“I think every one of us (alumni) can tell you that they left a mark on us,” Randolph says. “I don’t care if you went on to make mistakes. Even if you did, you always remember the good you received. … I wish my kids had those experiences.”
Randolph’s story and others are what Sailer calls one piece of a million-piece puzzle she and Bussanmas started four decades ago.
“We want everyone to come back and help us put the pieces together,” Sailer says. “We’re trying to put together our history.”
OPERATION BREAKTHROUGH BY THE NUMBERS85: Percent of families served living below the poverty line
100: Homeless children served
300: Volunteers each month
550: Children attending daily
1,700: Children waiting to get in
A block party celebrating 40 years will include live music, performances, food and activities for kids. “We want alumni, volunteers and all community members to come out so they can celebrate their own achievements as well as the achievements of the organization,” says Christine Minkler, special assistant for events and history at Operation Breakthrough. “Our next task is to put together an archive to record our history. We want people with memories to share them with us.”
When: Noon-5 p.m., Sept. 10
Where: 31st Street and Troost Avenue
Share your story and pictures: Email email@example.com.
Operation Breakthrough is a beneficiary of the Kanrocksas Music Festival, today and Saturday at Kansas Speedway. A portion of proceeds will go to the center; single-day tickets are $99. Visit kanrocksas.com/tickets for a schedule and more info.
By JACKIE HOERMANN
The Kansas City Star
Photographer Roy InmanFind an excuse to accessorize in a tunic dress (Double Zero $42, available in gray and navy). From the Longhorns and Lace Collection at Runways, 4800 W. 135th St.
It seems we retrogress more each season. We rocked back into the ’80s, tripped into the ’70s, and now we’re embracing antiquity — with a contemporary twist, of course. Tunics weren’t always fashionable, but we are fans of modern incarnations. High-end designer Victoria Beckham took the shape from plebian to posh in her spring 2011 collection for New York Fashion Week.
Unlike tube tops and spaghetti straps, you don’t have to fidget and fuss with the tunic. It’s easy to wear and flattering on most body types. A close cousin of the shift dress, the tunic is just loose enough to skim the figure and hide trouble spots.
This gray tunic from Runways boutique will transition nicely into fall and winter months, but to really make it pop, accessorize colorfully, says Dee Bayne, owner of Runways. “We put on an amethyst and crystal necklace by Vintage Moon Jewelry and added a leather-studded bracelet and a glass bauble bracelet.”
By JACKIE HOERMANN
The Kansas City Star
House + Home | New trends in dorm décor
Moving into a dorm or an off-campus apartment can bring a feeling of independence unlike any other.
Until, that is, you open the door and take in your new home: blandly colored, empty and lacking decorative freedom.
No painting, no candles, no nails in the wall, you’re told.
Plenty of creative collegiates overcome residential rules with a lot of photos and magazine clippings, but there’s more to modern dorm decorating than just posters and double-sided tape.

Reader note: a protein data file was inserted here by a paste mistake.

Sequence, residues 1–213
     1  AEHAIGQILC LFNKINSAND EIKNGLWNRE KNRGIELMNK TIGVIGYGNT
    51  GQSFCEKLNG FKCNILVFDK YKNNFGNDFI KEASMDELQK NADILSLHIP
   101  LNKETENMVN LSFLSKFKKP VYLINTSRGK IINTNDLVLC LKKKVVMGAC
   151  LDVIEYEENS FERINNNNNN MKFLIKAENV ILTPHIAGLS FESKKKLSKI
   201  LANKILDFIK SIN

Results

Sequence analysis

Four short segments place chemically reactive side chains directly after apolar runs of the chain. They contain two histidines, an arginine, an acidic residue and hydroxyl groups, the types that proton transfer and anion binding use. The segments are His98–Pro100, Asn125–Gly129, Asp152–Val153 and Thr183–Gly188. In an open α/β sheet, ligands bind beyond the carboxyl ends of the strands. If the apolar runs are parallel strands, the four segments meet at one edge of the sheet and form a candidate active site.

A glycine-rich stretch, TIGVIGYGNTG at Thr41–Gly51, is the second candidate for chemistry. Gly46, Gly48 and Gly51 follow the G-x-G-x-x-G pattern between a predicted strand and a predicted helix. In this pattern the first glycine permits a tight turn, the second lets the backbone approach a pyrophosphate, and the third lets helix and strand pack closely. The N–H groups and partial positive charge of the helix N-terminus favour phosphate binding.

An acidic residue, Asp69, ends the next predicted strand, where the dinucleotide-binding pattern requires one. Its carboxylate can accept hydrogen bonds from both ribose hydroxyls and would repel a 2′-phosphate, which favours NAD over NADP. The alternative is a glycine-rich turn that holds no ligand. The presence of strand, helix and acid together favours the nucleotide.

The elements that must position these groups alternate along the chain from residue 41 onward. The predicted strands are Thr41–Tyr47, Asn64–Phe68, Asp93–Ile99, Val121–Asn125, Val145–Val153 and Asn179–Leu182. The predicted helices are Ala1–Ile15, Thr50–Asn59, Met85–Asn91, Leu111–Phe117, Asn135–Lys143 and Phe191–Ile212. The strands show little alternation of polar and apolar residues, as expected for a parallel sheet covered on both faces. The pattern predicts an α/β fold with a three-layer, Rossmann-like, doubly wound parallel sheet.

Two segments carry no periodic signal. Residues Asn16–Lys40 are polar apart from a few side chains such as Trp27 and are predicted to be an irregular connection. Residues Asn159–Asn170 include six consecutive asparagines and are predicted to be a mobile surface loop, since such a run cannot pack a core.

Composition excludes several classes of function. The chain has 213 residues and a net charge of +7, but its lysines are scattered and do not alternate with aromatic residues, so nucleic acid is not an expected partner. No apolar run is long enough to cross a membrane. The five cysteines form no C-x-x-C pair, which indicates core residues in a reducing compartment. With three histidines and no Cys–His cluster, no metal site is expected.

Holly Becker, interior design consultant and author of “Decorate: 1,000 Design Ideas for Every Room in Your Home,” thinks that limited options force you to be more creative.
She recommends revamping tired spaces with flea market finds.
“You can buy a bunch of frames and paint them bright colors,” she said. “Or even take old doors or shutters and lean them against a wall or behind a bed to make a vintage headboard.”
To maximize small spaces, Becker suggests placing a mirror across from a window and avoiding dark colors. You can also add warmth to a room by using different tints of the same color or by layering different fabrics.
The less creative need not fear. Plenty of stores, including Target, Function Junction, CB2 and Bed, Bath & Beyond, offer trendy dorm pieces during the back-to-school shopping season, and many will guide you with lists of dorm essentials and preplanned color schemes.
Before you shop, remember that your space should be conducive to studying, but it should fit you, too. For example, if you’re into geography, a big map is an easy way to make your space your own.
University of Missouri-Kansas City resident assistant Maggie Light works with medical students and often sees decorating schemes that match students’ personalities.
“There’s always one person with a full-on skeleton.”
MAGNETIC FRAMES Keep your family, friends and beloved pets close by in a 3-inch-by-2-inch frame you don’t have to hang.
EATING IN Attempt a home-cooked meal with an attachable colander, or cozy up to your ramen noodles with this soup mug.
•Pot drainer, $5.97, Function Junction; soup bowls, $1.99 for a pack of two, Target
A HELPING HAMPER This hamper with removable laundry bag keeps your dirty laundry from being everyone else’s business.
•Chrome laundry bag stand, $19.99, and mesh laundry bag in nova blue, $5.99, The Container Store
■ MOVING LIGHTS UMKC residential life coordinator Katie Garey calls modern lighting trends “less gaudy.” “We’re not seeing Christmas lights too much anymore, which used to be really big.” Instead, dorm lighting has become chic and practical and can easily be moved from desk to bed.
•Architect lamp with adjustable clamp, $32.95, CB2
LEAVE A NOTE Dorm Co sells a variety of wall decals, including these dry-erase calendar clings. “It’s an easy way to communicate with your roommate by leaving quick messages or to sync schedules,” says Jeff Gawronski, the head of product development.
•WallPops dry-erase set, $19.99 for a four-pack, Dorm Co
SOFT SEATING Floor pillows soften a space and are easy to move around, whereas chairs and futons limit rearrangement possibilities.
•Round pintuck floor pillow, $49, Urban Outfitters
SPORTING A CADDY A shower caddy is a must for students who use a community bathroom.
•Shower caddy in green, $3.99, Target
FAKE A HEADBOARD Get the feeling of sleeping with your headboard from home. This decal is available exclusively online in twin and queen sizes.
•Olivia headboard wall decal, $55, Urban Outfitters
RESOURCES CB2: www.cb2.comThe Container Store:www.containerstore.comDorm Co: www.dormco.comFunction Junction: 2450 Grand Blvd., 816-283-3033, www.functionjunction.comRiver Market Antique Mall: 115 W. Fifth St., 816-221-0220, www.rivermarketantiquemall.comUrban Outfitters: 530 Nichols Road, 816-753-8500, www.urbanoutfitters.com